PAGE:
Understanding absence epilepsy

Understanding absence epilepsy

Research by Cardiff University has uncovered the brain activity that underlies absence epilepsy, offering new hope for the development of innovative therapies for this disabling disease.

Absence epilepsy – the most common form of epilepsy in children and teenagers – causes episodes of lack of awareness which are often mistaken for daydreaming. The brain activity that causes this form of epilepsy has remained poorly understood, until recent research has observed this activity for the first time.

An international team of researchers led by Professor Vincenzo Crunelli, from Cardiff University’s School of Biosciences, investigated the types of electrical activity that occurred in the brains of mice during an absence seizure.

Professor Crunelli said: “Although the origin of absence epilepsy remains poorly understood, we do know that if we monitor the electrical activity in the brain during a seizure, we see peaks in the activity called spike and wave discharges.

“We also know that synchronous activity in a part of the brain called the thalamocortical network, which is organised in a feedback loop, underlies the appearance of these spike-wave discharges.

“But the relationship between the brain cell activities in this loop, and how these relationships lead to the brain activity in absence seizures, is strongly debated.”

The group of researchers from Cardiff University, University of Malta, Centre National de la Recherche Scientifique and the University of Szeged in Hungary, simultaneously recorded brain activity between several different brain areas during absence seizures for the first time. This allowed them to observe the relationships between the different regions of the brain during an absence seizure, and they found that it played a role in the presence of the spike and wave discharges.

Professor Crunelli added: “We discovered that the activity of the thalamocortical brain cells were synchronised by other parts of the brain, increasing activity when receiving instruction from the cortex and decreasing activity when instructed by a part of the brain called the thalamic reticular nucleus.
“We also uncovered that, contrary to what was previously thought, the properties of the cells in the thalamocortical loop aren’t really involved in the development of the spike and wave discharges.

“This new research is fundamental for the development of innovative therapies for this disabling childhood and juvenile disease.”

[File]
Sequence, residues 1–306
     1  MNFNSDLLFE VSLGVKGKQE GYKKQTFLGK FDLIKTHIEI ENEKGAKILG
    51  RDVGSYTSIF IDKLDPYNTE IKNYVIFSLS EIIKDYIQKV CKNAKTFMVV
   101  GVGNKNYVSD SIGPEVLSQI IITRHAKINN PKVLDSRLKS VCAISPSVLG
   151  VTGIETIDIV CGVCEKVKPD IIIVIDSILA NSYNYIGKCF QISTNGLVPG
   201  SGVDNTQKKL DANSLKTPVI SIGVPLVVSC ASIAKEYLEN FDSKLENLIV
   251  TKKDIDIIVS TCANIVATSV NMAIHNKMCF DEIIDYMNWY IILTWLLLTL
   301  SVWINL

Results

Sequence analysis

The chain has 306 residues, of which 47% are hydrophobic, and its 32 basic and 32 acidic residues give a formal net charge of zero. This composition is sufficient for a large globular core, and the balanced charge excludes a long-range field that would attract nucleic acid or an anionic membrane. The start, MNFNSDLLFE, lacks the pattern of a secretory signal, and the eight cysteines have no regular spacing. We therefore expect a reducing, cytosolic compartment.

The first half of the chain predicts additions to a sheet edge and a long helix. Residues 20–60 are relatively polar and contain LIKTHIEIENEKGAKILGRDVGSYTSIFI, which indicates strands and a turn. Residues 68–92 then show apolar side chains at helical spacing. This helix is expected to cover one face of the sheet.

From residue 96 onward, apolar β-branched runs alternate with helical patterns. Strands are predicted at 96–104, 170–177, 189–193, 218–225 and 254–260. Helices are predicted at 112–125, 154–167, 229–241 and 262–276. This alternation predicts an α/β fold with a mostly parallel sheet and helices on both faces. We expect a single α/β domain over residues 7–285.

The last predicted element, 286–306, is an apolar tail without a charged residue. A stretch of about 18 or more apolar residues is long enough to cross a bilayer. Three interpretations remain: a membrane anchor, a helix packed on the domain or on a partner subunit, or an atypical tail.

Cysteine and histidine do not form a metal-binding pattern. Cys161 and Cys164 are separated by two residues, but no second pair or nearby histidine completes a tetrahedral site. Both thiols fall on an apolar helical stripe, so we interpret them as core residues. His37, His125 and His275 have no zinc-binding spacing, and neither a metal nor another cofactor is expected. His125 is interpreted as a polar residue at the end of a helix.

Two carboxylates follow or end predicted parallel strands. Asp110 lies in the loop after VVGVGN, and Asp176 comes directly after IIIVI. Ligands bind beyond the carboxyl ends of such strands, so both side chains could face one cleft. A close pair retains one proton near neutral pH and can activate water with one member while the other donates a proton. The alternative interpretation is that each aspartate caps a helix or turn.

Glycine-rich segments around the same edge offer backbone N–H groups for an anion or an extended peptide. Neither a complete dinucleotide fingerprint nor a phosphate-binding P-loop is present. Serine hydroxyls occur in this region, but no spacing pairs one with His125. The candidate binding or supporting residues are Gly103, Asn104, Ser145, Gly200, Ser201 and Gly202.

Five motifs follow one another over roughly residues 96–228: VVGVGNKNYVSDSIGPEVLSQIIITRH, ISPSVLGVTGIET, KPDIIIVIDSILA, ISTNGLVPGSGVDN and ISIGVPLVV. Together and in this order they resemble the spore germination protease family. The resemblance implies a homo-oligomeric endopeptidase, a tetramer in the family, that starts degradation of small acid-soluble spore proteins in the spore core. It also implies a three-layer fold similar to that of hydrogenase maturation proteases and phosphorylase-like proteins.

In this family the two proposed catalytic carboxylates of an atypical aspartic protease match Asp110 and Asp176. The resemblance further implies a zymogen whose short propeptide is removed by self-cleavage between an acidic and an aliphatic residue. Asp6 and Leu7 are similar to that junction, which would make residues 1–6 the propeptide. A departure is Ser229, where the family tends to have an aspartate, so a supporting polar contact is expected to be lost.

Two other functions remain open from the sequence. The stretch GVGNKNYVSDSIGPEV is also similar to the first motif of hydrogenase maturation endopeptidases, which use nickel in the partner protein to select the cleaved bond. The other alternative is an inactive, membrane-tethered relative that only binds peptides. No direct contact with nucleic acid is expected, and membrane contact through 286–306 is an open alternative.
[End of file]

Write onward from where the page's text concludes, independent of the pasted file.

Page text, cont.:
Source: HealthCanal.com

Childhood Absence Epilepsy: 5 Things You Need to Know

Childhood Absence Epilepsy: 5 Things You Need to Know

Childhood absence epilepsy (CAE), a syndrome that occurs in 1 out of 1000 children, is one of the most common types of early childhood (first decade) seizures. A classic CAE scenario may be that of a little girl who has just started kindergarten and has periods of “blanking out” every day. Her teacher calls out her name, but she does not respond. She sometimes blinks her eyes a few times and is back to “normal” in about 20 seconds. The teacher alerts the parents, who then make an appointment to see the pediatrician. Typically, the parents report never noticing these episodes at home. (more…)

New Epilepsy Tactic: Fight Inflammation

New Epilepsy Tactic: Fight Inflammation

In November 2008, when he was just 6, William Moller had his first epileptic seizure, during a reading class at school. For about 20 seconds, he simply froze in place, as if someone had pressed a pause button. He could not respond to his teacher.

This is known as an absence seizure, and over the next year William, now 10, who lives with his family in Brooklyn, went from having one or two a day to suffering constant seizures. Not all were absence seizures; others were frightening tonic-clonics, also known as grand mals, during which he lost consciousness and convulsed.

The seizures often came while he was eating. As his body went rigid, William dropped his food and his eyes rolled back into their sockets. If he seized while standing, he suddenly crashed to the ground — in a corridor, in the driveway, on the stairs.

“It’s the scariest thing for any mother to hear that thump, and each time he would hit his head, so it only made things worse and worse,” said his mother, Elisa Moller, a pediatric nurse.

William is among the one-third of epilepsy sufferers who do not respond, or respond only poorly, to anti-epileptic medications. Now he and others with refractory epilepsy are benefiting from treatment that targets inflammation, the result of new research into how epilepsy damages the brain.

“Many of us theorize that the two are tied — inflammation causes seizures, and seizures cause inflammation,” said Orrin Devinsky, director of the Comprehensive Epilepsy Center at the New York University Langone Medical Center and William’s doctor. “Over time, both of them may feed off each other.” (more…)

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